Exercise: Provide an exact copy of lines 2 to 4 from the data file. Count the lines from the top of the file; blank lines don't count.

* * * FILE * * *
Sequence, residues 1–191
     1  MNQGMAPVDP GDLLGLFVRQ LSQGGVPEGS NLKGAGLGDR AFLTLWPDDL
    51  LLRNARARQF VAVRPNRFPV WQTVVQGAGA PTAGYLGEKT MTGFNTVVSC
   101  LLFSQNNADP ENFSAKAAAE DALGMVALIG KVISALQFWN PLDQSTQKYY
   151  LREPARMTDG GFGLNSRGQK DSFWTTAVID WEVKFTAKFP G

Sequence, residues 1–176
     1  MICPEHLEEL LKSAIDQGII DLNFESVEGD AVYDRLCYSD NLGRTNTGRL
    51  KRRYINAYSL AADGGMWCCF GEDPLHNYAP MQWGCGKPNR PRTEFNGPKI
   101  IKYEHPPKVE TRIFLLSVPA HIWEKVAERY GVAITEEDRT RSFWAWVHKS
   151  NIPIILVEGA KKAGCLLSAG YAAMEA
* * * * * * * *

     1  MNQGMAPVDP GDLLGLFVRQ LSQGGVPEGS NLKGAGLGDR AFLTLWPDDL
    51  LLRNARARQF VAVRPNRFPV WQTVVQGAGA PTAGYLGEKT MTGFNTVVSC
   101  LLFSQNNADP ENFSAKAAAE DALGMVALIG KVISALQFWN PLDQSTQKYY